It’s entirely possible that Laurie Vincent and Isaac Holman of the UK’s Slaves took a look at what Sleaford Mods were doing and said, “We could do that — but without the hip hop!” Slaves are a duo that perform with enough bombast to sound like a full band and along with their contemporaries in Sleaford Mods, Royal Blood and Death from Above 1979, people are starting to ask why every other band has so many superfluous members. Clearly, all one needs to pound out a jaw-droppingly catchy testosterone-soaked rock anthem is a guitar and a couple of drums to pound, as Acts of Fear and Love convincingly argues.

The duo wouldn’t look out of place on a street corner banging on cans and yelling at passers-by, but listening to their latest album suggests that a great deal of care and production puts them into an entirely different game. Their third album is their biggest, catchiest and most accomplished to date. While it never loses its blue collar and satisfyingly irreverent sense of humor, it does venture down a popular music path previously unexplored. First single “Cut and Run” features a simple rock ‘n’ roll rhythm guitar riff and boom-bap drum clap while the vocals call to action those who fall victim to sickness (or possibly laziness).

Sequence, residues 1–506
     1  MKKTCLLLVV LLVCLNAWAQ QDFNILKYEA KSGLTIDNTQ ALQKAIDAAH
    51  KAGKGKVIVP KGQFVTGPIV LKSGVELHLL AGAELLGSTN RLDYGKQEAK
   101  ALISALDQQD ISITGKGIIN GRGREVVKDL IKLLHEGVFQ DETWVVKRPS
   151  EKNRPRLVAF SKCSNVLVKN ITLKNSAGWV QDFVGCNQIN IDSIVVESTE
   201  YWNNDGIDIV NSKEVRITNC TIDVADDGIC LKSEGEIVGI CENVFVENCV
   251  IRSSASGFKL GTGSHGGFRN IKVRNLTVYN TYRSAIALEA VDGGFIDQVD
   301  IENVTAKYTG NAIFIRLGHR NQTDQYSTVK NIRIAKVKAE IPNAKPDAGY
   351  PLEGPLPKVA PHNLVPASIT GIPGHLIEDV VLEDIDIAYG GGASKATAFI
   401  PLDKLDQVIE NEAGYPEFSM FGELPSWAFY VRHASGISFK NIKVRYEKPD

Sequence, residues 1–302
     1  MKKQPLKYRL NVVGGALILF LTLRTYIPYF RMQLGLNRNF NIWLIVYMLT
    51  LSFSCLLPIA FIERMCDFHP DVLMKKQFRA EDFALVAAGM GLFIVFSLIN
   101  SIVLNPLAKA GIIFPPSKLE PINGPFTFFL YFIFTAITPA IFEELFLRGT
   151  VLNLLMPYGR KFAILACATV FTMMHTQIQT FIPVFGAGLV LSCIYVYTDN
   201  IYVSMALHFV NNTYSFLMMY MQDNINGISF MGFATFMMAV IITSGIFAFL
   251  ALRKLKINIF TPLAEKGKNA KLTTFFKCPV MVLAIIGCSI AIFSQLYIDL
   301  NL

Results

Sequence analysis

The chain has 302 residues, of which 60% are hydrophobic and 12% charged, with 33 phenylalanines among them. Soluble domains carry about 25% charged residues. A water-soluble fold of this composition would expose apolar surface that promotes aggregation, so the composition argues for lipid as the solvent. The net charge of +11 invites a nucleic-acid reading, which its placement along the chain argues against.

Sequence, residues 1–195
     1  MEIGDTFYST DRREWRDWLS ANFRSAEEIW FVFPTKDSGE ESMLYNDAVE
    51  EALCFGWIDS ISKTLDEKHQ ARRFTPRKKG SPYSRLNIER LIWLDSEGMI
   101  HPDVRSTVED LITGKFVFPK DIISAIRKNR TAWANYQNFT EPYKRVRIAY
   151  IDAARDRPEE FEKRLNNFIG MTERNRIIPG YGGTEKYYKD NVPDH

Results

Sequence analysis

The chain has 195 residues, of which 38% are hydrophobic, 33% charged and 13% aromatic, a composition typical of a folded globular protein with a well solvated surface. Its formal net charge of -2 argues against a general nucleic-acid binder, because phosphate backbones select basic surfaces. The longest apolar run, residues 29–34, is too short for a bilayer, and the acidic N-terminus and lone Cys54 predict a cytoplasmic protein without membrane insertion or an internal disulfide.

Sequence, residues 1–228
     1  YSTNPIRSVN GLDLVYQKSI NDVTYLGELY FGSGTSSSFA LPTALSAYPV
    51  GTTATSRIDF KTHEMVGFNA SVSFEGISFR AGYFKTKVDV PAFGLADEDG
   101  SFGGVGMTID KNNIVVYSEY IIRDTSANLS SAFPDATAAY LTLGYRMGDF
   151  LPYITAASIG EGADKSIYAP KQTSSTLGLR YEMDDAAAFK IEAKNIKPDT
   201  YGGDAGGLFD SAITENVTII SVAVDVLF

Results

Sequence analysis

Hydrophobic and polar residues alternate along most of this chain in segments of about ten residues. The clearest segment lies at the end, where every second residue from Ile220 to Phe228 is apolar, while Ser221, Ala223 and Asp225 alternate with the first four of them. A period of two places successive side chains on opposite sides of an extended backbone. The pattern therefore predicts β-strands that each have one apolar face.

The band could have made a whole album full of elevated pop-rock anthems, but as if they had something to prove, they also include hardcore gems such as “Bugs.” The tempo and level of anger here is in keeping with many of the hardcore bands of days gone by which gives this album an extremely broad appeal. Slaves may appeal to fans of Minor Threat just as easily as to devotees of Sex Pistols or The Wombats. Somewhere on that spectrum, this band has crafted an ambitious and uncompromising punk record.

“Daddy” sounds from the first bar like one of those quiet acoustic songs which will eventually bust out into a crash of loud guitars and roaring vocals. It never does. Instead it’s a nice and elegantly delivered ballad about a bad dad experience. It comes off as personal and meaningful which seems as uncharacteristic of the band as it is effective. And in case you were hoping it would, don’t worry, “Photo Opportunity” busts out into rock destruction.

On their last record, the band asked “Are you Satisfied?” but here they ask nothing of the listener, choosing only to do what they do best and then some. As one might hope for from a brand new Slaves record it redoes elements of the past with straight-ahead fast punk guitar and rapid tempos laced with deliciously slack-jawed British sneers. But it’s clear they’re aiming higher: They want to break into the charts. With a public hungry for British rock both in its homeland and in North America, it’s more than likely that Acts of Fear and Love will pull it off.

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